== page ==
Finding a Windfall on the Wall

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Hearing rumors that valuable art works might be adorning the walls of several schools in the Central Bucks School District in Doylestown, Pa., Gene Abel, the system's business manager, quickly arranged to have an appraiser look at the paintings in question.

Eugene Bechtel, the art expert called in from Greenwood Studios in Trapp, Pa., was very surprised by what he saw.

An oil painting of an American Indian looking down on a river from the edge of a cliff was determined to be the work of Frederick E. Church, an American painter who was part of the "Luminist'' movement of the latter half of the 19th century. Further inspection led to the discovery of a still life, dated circa 1900, attributed to the American William Merritt Chase.

The Church painting, which Mr. Abel says is a "heretofore uncatalogued'' work by the artist, was estimated by Mr. Bechtel to be worth approximately $125,000. But as Mr. Abel points out, that estimate could be low, considering the recent international interest in other Church paintings, such as "The Icebergs,'' found several years ago in a school in England and later sold for more than $10 million.

Though also a significant find, the Chase still life is not thought to be as valuable and was appraised at $16,000.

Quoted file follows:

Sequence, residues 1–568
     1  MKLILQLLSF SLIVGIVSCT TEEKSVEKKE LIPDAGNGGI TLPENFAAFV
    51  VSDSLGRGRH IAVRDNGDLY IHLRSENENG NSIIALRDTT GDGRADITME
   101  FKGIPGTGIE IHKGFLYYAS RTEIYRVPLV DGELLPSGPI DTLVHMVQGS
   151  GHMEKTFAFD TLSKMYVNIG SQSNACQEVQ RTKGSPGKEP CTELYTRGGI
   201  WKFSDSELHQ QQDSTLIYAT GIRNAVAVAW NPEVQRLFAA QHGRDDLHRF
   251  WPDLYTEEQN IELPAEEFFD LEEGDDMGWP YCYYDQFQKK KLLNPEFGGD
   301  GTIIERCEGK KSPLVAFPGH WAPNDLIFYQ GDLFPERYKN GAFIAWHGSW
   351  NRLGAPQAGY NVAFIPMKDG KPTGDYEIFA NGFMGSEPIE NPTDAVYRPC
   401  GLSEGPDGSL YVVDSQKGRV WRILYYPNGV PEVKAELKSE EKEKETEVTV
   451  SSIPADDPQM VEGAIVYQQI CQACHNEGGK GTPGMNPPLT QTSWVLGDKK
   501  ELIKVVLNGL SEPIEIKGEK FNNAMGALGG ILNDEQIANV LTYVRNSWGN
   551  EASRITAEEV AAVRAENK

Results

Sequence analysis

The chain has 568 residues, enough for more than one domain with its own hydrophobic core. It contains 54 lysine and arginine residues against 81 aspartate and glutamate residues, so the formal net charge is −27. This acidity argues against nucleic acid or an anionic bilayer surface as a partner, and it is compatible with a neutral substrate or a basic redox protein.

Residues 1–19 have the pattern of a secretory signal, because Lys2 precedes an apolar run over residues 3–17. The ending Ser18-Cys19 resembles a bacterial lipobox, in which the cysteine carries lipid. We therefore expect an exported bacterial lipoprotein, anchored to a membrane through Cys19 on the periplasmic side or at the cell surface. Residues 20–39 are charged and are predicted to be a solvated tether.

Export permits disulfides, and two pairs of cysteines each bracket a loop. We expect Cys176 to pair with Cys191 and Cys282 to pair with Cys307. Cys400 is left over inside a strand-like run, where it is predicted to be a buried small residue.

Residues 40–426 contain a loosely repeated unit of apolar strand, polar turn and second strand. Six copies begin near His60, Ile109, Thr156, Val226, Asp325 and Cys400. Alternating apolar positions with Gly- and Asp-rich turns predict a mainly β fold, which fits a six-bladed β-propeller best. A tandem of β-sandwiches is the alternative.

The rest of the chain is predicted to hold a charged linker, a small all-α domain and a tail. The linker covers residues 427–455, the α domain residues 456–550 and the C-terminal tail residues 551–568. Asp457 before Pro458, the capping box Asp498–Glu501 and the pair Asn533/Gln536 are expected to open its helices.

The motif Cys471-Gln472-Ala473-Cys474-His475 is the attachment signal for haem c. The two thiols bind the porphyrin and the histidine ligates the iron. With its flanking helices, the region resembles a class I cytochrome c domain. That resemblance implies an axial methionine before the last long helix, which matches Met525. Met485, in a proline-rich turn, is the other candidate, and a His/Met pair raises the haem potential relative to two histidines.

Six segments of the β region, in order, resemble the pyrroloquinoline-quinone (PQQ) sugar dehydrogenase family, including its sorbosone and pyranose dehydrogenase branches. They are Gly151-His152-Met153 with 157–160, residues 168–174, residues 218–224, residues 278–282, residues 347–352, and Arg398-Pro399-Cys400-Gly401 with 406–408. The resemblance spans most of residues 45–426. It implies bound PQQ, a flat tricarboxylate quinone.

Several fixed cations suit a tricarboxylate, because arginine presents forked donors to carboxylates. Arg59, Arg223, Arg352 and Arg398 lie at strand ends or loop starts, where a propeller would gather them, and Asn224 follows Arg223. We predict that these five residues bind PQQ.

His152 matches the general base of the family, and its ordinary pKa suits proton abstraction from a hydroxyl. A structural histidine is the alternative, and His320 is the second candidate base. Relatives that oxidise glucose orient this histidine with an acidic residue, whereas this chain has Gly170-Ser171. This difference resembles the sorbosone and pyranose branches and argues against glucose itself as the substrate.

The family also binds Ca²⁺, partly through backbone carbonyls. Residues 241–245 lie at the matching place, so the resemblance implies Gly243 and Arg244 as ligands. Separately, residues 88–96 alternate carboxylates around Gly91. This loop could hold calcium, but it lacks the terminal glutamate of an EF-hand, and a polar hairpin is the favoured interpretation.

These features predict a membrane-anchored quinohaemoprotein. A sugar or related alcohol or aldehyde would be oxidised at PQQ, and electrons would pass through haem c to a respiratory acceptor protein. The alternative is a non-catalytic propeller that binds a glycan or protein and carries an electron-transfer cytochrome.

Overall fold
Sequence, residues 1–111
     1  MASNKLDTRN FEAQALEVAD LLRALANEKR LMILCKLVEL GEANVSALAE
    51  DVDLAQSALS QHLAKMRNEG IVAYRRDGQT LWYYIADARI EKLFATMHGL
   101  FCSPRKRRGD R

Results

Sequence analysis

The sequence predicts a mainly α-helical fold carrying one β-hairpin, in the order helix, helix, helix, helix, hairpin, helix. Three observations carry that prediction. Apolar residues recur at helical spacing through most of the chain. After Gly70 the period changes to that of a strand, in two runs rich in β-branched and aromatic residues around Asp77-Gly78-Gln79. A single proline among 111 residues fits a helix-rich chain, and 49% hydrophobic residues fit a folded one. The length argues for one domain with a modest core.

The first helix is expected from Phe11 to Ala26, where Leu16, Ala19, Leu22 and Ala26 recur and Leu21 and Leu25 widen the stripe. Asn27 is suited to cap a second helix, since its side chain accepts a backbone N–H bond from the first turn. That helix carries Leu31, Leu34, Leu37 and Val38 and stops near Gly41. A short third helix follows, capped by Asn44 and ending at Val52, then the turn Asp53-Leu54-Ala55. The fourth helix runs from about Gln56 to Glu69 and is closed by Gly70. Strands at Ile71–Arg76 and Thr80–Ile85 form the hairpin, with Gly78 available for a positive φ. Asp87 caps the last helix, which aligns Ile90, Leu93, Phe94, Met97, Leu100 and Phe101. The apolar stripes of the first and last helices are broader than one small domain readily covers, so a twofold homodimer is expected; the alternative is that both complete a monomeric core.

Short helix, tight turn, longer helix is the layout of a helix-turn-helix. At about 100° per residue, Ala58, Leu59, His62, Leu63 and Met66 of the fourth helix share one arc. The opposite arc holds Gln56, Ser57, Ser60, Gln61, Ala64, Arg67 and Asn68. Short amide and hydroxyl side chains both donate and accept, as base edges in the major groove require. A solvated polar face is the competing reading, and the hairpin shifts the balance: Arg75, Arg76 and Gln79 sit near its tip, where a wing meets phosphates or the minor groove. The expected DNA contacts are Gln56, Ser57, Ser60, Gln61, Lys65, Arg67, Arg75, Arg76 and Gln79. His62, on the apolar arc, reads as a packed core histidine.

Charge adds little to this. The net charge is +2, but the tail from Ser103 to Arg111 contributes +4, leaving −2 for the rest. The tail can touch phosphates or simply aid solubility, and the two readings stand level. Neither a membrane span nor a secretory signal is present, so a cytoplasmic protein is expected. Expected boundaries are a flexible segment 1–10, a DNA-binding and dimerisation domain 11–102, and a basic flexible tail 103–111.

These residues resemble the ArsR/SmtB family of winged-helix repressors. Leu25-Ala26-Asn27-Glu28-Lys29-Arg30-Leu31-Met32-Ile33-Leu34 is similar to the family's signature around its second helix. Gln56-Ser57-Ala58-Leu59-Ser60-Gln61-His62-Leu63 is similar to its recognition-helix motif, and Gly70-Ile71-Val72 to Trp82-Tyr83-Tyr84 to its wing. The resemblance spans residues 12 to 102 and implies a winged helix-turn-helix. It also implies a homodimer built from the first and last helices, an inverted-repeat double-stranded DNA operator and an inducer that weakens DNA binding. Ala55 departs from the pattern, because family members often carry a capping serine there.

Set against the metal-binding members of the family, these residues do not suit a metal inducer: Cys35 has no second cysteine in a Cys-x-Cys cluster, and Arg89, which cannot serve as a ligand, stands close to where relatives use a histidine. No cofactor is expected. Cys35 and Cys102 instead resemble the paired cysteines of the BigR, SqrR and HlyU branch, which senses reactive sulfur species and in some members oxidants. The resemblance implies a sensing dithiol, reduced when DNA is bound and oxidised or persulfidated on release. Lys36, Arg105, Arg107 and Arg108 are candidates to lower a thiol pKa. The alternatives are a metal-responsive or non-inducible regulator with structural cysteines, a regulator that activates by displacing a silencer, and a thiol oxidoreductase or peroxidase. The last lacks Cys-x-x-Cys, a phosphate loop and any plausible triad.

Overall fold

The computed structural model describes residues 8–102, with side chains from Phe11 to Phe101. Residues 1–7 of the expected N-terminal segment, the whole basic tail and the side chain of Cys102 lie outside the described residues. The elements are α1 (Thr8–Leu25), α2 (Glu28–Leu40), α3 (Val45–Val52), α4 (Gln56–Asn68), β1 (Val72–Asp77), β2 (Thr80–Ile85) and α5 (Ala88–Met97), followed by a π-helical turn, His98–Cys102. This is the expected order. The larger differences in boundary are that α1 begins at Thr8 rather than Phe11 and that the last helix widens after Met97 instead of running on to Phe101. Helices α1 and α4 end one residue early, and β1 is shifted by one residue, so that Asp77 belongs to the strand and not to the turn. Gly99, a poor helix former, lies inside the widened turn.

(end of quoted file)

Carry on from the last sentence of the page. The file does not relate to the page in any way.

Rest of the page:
How the district came to have these two paintings in its possession is a mystery, according to Mr. Abel. He estimates that the paintings have been moving around the district for 15 to 20 years and speculates that "when they were originally given, they may not have had as high a value.''

In any event, the school board must now determine whether to sell or keep the paintings, and a good argument can be made, Mr. Abel says, for both options.

"If the paintings were given to the district, it might be a good idea to restore them and put them on display,'' he says. "On the other hand, the school district is not an art gallery, and if they are sold to an art collector who would display them, the paintings could still be seen and the district would have funds from the sale to support educational programs.''--JW

Vol. 07, Issue 33

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